Once you pass your exam, you are nearly there and ready to take the next step.
Here's a video I did about the process if you want to watch it as well as read the rest of my instructions.
Step 4: Submit Your License Application to the Department of Insurance and Pay Your Licensing Fee
Once you pass, you'll go back to your department of insurance website to apply for your license. You'll have to submit your pre-licensing requirements along with the licensing fee. Most of this is done electronically these days.
After a short period of time, and a few dollars later, you'll be legal in the eyes of the department of insurance and can now get legally get paid commission from insurance companies
Congratulations! But you aren't finished yet. There's one final important thing to remember.
Step 5: Follow the Law, Complete Your Continuing Education Requirements and Renew Your License When Required
Each agent is responsible for follow the insurance laws in the states you are licensed in. Those vary by state. Your home state usually requires you to complete so many hours of continuing education every year or two. That education carries over to non-resident states as far as I know.
You don't want to skip the continuing education requirement or forget to renew your license. I know one agent who forgot to renew his license and continued to write insurance after his license expired. He was disciplined by the department of insurance, put on probation and had to pay a hefty fine. Now every time he applies for a non-resident license, it's a huge hassle to document what happened to that state's satisfaction.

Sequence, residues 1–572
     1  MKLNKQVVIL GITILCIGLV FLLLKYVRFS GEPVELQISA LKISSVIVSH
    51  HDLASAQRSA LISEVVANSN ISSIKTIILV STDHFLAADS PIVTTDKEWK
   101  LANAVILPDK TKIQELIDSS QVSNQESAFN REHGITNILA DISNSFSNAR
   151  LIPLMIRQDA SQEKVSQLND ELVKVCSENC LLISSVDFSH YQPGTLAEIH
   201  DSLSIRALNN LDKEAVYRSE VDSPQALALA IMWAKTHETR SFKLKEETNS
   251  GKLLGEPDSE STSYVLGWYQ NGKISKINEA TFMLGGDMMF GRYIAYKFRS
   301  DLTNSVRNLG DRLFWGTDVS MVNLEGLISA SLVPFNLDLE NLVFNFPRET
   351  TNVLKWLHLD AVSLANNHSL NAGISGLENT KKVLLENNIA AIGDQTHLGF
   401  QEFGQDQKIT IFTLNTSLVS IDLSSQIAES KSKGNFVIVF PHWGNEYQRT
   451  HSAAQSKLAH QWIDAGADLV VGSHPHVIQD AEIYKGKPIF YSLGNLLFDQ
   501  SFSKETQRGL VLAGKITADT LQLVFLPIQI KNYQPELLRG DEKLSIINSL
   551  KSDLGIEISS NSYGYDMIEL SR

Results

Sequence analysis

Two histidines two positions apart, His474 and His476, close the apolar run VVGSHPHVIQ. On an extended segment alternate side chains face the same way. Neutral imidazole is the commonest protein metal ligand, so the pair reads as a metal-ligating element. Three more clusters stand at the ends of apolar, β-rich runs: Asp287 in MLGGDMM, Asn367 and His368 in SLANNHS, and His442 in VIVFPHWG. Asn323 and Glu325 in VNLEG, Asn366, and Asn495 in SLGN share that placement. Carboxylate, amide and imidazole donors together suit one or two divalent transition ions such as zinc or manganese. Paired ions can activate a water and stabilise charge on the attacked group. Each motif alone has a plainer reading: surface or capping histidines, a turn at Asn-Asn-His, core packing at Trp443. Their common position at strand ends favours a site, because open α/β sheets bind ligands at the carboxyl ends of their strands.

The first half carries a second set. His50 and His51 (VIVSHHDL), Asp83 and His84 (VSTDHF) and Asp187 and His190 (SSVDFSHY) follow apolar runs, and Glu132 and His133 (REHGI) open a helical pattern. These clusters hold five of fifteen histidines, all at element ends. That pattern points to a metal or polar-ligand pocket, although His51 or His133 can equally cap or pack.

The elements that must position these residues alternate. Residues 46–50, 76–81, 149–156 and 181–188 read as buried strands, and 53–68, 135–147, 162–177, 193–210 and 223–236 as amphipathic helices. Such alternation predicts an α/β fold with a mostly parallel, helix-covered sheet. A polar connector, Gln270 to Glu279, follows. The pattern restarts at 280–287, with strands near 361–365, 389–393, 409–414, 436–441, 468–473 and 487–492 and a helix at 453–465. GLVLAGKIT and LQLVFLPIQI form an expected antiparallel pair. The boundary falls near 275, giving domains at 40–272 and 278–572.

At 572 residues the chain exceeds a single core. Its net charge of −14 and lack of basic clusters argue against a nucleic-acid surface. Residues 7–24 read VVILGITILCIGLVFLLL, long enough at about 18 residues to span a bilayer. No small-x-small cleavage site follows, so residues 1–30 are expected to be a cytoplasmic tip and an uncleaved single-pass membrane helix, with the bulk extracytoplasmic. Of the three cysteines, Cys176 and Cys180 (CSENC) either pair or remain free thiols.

How Much Will It Cost Me to Get Licensed?
- Pre-licensing $150 self study
- Exam $50-$100
- License fee $40
Should I Take Classes in Person or Self Study?
Will I Know Everything I Need to Know to Be a Successful Life Insurance Agent After I Am Licensed?
The steps involved in becoming an independent insurance agent are really easy and are pretty similar from state to state. It just takes a little bit of time, a little bit of studying and a few hundred dollars.
Once licensed in your home state as a resident agent, you can then apply to be a non-resident insurance agent in state in the country. I know I'm licensed in double digit states and have worked all across the country over the years.
You can eventually too. After you follow these steps to begin your journey as an agent, you'll be well on your way.
If you have any problems, remember you can always call your the department of insurance and they will be glad to help.
Let me know if you if you pass your exams and what your experience was like in the comments. Also let me know if you have any questions!